New lawsuit filed over Chicago’s gun limits

By Bob Unruh

Only months after the Supreme Court struck down the city’s restrictions on guns, Chicago is the target of a new lawsuit because it now requires gun owners to practice at gun ranges but bans the ranges themselves.

“While the city has adopted new regulations that make it legal to own handguns,” said Alan Gottlieb, executive vice president of the Second Amendment Foundation, “they have crafted this new ordinance to make it virtually impossible for prospective gun owners to meet all legal requirements unless they travel outside the city for mandatory training. The new ordinance prohibits public gun ranges inside the city yet the city demands that handgun owners get at least one hour of range training time.”

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In the previous precedent-setting Otis McDonald case challenging Chicago’s gun restrictions, the U.S. Supreme Court declared the Second Amendment right to bear arms applies to individuals.

“The right to keep and bear arms must be regarded as a substantic guarantee, not a prohibition that could be ignored so long as the states legislated in an evenhanded manner,” Justice Samuel Alito wrote in the majority opinion.

The decision followed the 2008 Heller case in the District of Columbia that declared the Second Amendment to be an individual right. That case, however, pertained only to D.C. The McDonald case established the precedent across the nation.

However, Gottlieb said Chicago, ordered to drop its handgun ban, instead decided to “make it hard” to meet all of the other restrictions it added.

“To be able to get the Chicago firearms permit, you have to train and have to have range time,” Gottlieb said. “Then the city bans ranges.”

“Are they complying with the spirit of the Supreme Court ruling? No,” he said.

City officials did not respond to WND calls and e-mails requesting comment.

The Second Amendment Foundation said the city’s regulations are depriving citizens of their rights.

The Illinois State Rifle Association, Action Target Inc. and three individuals joined in the case.

The plaintiffs are represented by attorneys Alan Gura of Virginia and David Sigale of Chicago, who earlier were victorious over the city in the McDonald case.

Gottlieb called it a “Catch-22.”

It “seems deliberately designed to discourage Chicago residents from exercising their firearm civil rights barely two months after those rights were restored by the Supreme Court,” Gottlieb said.

Plaintiffs include Rhonda Ezell, a victim of three burglary attempts who has disabilities and cannot travel easily; Joseph Brown, a World War II U.S. Army veteran who was among the liberators of the infamous Dachau concentration camp; and William Hespen, a retired police detective.

Action Target makes shooting ranges and equipment and supplies. The Utah company now is prohibited from building public target ranges in Chicago.

“Chicago is acting under color of law to deprive citizens of their right to keep and bear arms, and to conveniently receive the education required under the ordinance that is necessary to obtain a Chicago Firearms Permit,” Gottlieb said. “The city is violating both the Second and First amendments, and we are asking the court to put an end to this nonsense.”

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It is the fourth case that the foundation has pursued since the McDonald ruling. They earlier disputes are:

  • A claim against Maryland by a man who alleges the state is violating the Second Amendment by refusing to renew his handgun permit. Raymond Woollard originally was issued a carry permit after a man broke into his home during a family event in 2002. Woollard’s permit was renewed in 2005 after the defendant in the case was released from prison. But state officials now have refused to renew the permit, even though the intruder now lives some three miles from Woollard.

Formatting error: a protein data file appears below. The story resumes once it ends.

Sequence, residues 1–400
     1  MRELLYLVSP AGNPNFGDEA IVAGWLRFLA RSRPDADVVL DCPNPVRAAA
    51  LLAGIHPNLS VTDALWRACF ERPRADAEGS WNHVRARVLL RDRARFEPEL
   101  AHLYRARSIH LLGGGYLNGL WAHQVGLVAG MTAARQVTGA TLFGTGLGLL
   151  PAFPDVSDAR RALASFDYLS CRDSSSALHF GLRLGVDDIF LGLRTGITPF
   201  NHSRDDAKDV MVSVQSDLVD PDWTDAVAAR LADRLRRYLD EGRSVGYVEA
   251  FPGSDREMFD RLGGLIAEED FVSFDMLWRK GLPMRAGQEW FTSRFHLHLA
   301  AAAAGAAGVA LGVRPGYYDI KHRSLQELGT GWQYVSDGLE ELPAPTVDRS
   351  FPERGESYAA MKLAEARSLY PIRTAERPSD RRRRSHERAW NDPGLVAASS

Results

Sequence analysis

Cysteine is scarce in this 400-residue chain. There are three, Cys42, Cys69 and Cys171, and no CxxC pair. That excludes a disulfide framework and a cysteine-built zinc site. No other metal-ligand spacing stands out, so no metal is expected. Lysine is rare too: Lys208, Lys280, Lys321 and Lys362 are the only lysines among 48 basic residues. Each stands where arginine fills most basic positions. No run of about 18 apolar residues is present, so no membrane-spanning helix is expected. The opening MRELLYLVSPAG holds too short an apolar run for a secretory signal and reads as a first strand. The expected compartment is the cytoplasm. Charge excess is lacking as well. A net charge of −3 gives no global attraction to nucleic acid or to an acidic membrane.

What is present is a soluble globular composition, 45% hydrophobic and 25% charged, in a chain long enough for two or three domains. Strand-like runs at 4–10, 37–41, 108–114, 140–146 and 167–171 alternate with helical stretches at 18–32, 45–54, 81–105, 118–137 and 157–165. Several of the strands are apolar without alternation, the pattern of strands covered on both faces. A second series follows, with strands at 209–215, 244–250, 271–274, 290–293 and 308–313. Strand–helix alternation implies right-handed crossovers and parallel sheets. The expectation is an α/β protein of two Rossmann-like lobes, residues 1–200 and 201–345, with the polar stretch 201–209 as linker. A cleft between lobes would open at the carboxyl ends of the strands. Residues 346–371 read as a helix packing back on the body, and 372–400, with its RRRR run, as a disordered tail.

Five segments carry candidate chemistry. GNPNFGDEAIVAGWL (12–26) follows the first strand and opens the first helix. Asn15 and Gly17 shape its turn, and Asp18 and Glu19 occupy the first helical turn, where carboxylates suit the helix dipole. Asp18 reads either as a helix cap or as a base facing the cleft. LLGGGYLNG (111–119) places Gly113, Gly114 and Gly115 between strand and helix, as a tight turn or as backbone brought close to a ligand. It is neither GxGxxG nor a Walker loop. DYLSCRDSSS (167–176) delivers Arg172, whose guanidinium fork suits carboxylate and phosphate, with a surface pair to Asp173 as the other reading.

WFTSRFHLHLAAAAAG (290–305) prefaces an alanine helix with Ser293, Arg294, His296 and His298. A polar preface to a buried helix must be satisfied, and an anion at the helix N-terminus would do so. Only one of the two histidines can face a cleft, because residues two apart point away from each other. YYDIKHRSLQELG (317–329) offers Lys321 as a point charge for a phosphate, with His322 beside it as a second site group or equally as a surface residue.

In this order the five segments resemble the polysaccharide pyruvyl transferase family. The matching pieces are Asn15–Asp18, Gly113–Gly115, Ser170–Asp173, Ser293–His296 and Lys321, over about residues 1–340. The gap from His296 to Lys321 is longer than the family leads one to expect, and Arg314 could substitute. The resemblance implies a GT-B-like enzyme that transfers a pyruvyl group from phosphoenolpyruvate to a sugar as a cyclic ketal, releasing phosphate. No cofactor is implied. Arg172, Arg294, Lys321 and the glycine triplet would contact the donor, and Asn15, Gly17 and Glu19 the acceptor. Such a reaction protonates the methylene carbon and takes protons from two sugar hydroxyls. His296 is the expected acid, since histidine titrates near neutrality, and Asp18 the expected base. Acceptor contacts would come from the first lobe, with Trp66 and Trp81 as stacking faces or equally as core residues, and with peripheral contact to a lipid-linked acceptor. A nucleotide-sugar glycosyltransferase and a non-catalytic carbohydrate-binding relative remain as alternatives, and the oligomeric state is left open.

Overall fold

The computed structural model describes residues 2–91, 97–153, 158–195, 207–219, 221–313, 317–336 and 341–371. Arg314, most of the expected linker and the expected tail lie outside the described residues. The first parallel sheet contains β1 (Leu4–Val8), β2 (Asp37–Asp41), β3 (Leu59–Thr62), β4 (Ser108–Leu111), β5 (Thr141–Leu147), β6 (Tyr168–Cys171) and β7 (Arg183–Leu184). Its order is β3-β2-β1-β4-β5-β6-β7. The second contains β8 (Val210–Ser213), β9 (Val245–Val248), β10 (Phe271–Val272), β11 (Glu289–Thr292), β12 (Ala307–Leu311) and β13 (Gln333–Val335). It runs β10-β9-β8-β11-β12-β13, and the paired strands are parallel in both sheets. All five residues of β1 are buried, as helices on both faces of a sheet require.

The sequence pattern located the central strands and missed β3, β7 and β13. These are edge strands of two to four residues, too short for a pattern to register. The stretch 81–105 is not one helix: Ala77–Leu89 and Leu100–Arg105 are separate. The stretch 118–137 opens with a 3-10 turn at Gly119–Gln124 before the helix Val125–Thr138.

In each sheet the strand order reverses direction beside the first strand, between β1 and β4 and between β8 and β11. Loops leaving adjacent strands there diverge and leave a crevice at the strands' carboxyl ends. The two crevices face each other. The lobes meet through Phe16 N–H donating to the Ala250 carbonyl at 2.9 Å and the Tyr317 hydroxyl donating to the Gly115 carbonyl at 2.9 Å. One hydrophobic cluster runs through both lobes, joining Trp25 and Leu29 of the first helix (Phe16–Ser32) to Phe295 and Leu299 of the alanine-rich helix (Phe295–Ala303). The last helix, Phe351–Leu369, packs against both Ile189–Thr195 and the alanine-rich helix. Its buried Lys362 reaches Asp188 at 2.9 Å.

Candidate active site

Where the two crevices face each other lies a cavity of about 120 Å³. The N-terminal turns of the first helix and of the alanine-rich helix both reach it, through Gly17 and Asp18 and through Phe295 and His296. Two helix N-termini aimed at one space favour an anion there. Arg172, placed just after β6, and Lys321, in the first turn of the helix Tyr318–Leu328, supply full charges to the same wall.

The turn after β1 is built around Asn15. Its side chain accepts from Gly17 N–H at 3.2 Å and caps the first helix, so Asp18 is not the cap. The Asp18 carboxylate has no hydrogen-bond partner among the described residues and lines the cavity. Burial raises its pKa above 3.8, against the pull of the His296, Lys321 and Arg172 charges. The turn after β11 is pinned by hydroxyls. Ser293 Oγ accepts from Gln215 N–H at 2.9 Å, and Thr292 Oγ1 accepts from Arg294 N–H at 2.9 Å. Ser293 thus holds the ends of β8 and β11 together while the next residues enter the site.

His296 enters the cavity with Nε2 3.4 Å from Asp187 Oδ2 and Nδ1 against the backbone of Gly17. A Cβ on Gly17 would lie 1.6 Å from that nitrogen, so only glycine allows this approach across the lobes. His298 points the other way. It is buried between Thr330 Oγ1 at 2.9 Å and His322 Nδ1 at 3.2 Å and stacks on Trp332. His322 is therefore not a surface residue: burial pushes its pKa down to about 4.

• A claim against Westchester County, N.Y., because officials there were requiring residents to have a “good cause” to ask for a handgun permit. The federal lawsuit alleges the requirement conflicts with the U.S. Supreme Court ruling that the Second Amendment establishes a personal right to “keep and bear arms.” Individual plaintiffs in the case are Alan Kachalsky and Christina Nikolov, both Westchester County residents whose permit applications were denied.
  • The earliest case to result from the McDonald decision challenged a practice in North Carolina of banning guns during “emergencies.” The case claimed state statutes forbidding the carrying of firearms or ammunition when officials declare “states of emergency” are unconstitutional. Further, the plaintiffs said a state law allowing the government to prohibit the sale, purchase and possession of firearms and ammunition is unconstitutional. WND reported earlier this year when residents of King, N.C., were startled by the banishment of firearms during a “declared snow emergency.”

The high court’s 5-4 ruling in the first Chicago case was forecast to bring on such challenges.

It flipped “the burden onto the government and legislatures to show why they need to restrict what the court has already said is an individual right,” John Velleco, director of federal affairs for Gun Owners of America, told WND after the decision.

There is other action on the state level regarding gun rights. Already, eight states have adopted laws that exempt guns made, sold and kept inside the states from any federal gun regulations.

A court case already has over that effort in Montana – the first state to take the step of ordering federal regulators to stay out of the state’s business of regulating its citizenry’s weapons.

In Wyoming, lawmakers even adopted a $2,000 penalty for federal agents trying to enforce federal regulations against an exempted weapon.

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